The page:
Sullivan’s Island Vacation Rentals
Since the nineteenth century Sullivan’s Island has been a favorite place for Charlestonians and Lowcountry planters to "vacation” as it will be for you and your family today. Sullivan’s Island has just about everything that your family would ever want to make a perfect vacation destination. It has a rich history, historical landmarks, wonderful dining opportunities, fantastic playground, recreational facilities, and is only four miles from Charleston. Sullivan’s Island is unique in that the beachfront lands which have accreted over the years are protected and held in a perpetual easement that protects the natural environment along the Atlantic. There is no other island in the United States that can claim to have a richer history while at the same time providing a beautiful setting for an outstanding family vacation.
Sullivan’s Island was first settled in 1670 when Captain O’Sullivan was given the responsibility to protect the new English settlement, Charles Towne from both the French and Spanish. The Sewee and Bohicket Indians helped Captain O’Sullivan establish and man a gun station on the Island. After an outbreak of yellow fever in Charles Towne in 1706, Sullivan’s Island became a place to quarantine citizens susceptible to sickness. Sullivan’s Island continued to be used for this purpose and in 1744 all incoming African slaves were quarantined on the island for ten days prior to being allowed into Charles Towne. Where today, Sullivan’s Island is beautiful seaside community, for the first hundred years it was a place of terrible disease and entry place of a lifetime of bondage.
In 1776, the fortunes of Sullivan’s Island changed dramatically. At the start of the American Revolution, success on the battlefield was uncommon for the colonial forces. To continue to demoralize the colonials, a fleet of British warships sailed for Charles Towne Harbor. Under the command of Colonel Moultrie and Colonel Thomson, a small group of colonials built a fort on the southern tip of Sullivan’s Island. Overcoming enormous odds, Moultrie was able to stop the British troops from crossing at Breach Inlet from Long Island (Isle of Palms) and the unfinished fort of palmetto logs stood up to the strength of the bombardment of four British ships of the line. The South Carolina State flag with the Palmetto Tree and the Crescent Moon celebrates the victory and the Battle of Sullivan’s Island, which gave a psychological boost to the revolutionary cause throughout the Colonies.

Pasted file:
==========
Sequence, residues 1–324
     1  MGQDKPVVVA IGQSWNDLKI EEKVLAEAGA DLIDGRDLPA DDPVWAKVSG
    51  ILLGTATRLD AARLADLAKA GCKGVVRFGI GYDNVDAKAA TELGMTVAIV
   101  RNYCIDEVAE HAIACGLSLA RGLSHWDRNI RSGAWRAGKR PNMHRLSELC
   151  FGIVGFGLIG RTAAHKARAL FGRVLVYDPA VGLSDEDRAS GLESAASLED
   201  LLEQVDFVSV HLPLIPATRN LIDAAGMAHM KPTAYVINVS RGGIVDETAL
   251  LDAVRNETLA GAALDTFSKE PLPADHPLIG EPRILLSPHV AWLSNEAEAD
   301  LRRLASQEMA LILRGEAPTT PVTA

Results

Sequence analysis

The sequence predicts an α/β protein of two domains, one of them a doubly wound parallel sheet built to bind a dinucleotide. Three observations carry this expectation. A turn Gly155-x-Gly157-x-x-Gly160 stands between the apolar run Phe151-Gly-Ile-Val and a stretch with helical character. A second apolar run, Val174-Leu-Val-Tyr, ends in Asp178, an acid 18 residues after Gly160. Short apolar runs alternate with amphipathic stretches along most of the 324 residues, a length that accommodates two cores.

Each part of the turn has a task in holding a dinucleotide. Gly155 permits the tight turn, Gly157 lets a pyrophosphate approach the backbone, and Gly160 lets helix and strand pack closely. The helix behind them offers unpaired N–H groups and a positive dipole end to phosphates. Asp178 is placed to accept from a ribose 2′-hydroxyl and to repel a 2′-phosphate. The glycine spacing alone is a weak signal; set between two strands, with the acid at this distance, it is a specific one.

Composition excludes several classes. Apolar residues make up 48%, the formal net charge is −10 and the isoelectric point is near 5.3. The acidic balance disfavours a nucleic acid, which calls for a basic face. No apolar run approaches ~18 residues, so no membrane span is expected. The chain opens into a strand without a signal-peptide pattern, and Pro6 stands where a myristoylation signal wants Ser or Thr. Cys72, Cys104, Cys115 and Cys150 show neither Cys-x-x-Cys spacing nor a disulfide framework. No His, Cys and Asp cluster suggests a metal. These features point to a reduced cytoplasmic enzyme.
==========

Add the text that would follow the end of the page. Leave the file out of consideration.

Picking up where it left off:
In the early 1800’s Sullivan’s Island continued to be an important military base as well as the ideal summer retreat. Moultrieville was constructed for the pleasure and health of citizens of Charleston. It consisted of 200 wood homes that stretched the whole length of the island. It was a beautiful sight as ships arrived from sea. Several famous people were residents of Sullivan’s Island during this period including Edgar Allen Poe (who wrote the Gold Bug while stationed at Fort Moultrie), Robert Mills (famous architect that designed the Washington Monument), and Seminole Indian Chief Oscelola (who died on Sullivan’s while being held prisoner).
In 1861, Sullivan’s Island would again play a huge role in American history. After abandoning Fort Moultrie December 25, 1860, Major Anderson garrisoned his troops at Four Sumter in Charleston Harbor. Refusing to leave, troops from Confederacy fired the first shoots of the War Between the States from Sullivan’s Island as well as other forts in the Charleston Harbor at the Federal Troops manning Fort Sumter. Throughout the war, Sullivan’s Island remained in control of the Confederacy. Sullivan’s Island continued to serve a vital role in the defense of our nation during both World War I and II. As you ride bicycles across the Island, you might be surprised when in the middle of neighborhood you will find a fort that was used in the defense of Charleston.
Riding bicycles is the best way to tour the island. You and your family will discover many treasures such as Officer’s Row (1702-1760 I’on Avenue), Battery Thomson, Battery Gadsden, Deveruex Mansion Gatehouse, Sullivan’s Island Lighthouse, William Gaillard Mazyck House, Noncommissioned Officers Quarters (1742-1754 Middle Street) and Stella Maris Catholic Church. The views of Charleston Harbor are fantastic walking out to the beach from Station 12. On Middle Street you will find many excellent restaurants including Home Team Barbeque, Poe’s, Station 22, and Dunleavy’s. The kids will love the playground on Middle Street that also features basketball and tennis courts. When open, the man made hill behind the playground provides amazing views of the Atlantic and Charleston.Sullivan’s Island is so unique in that history, great dining, and a wonderful beach can all come together for an outstanding family vacation.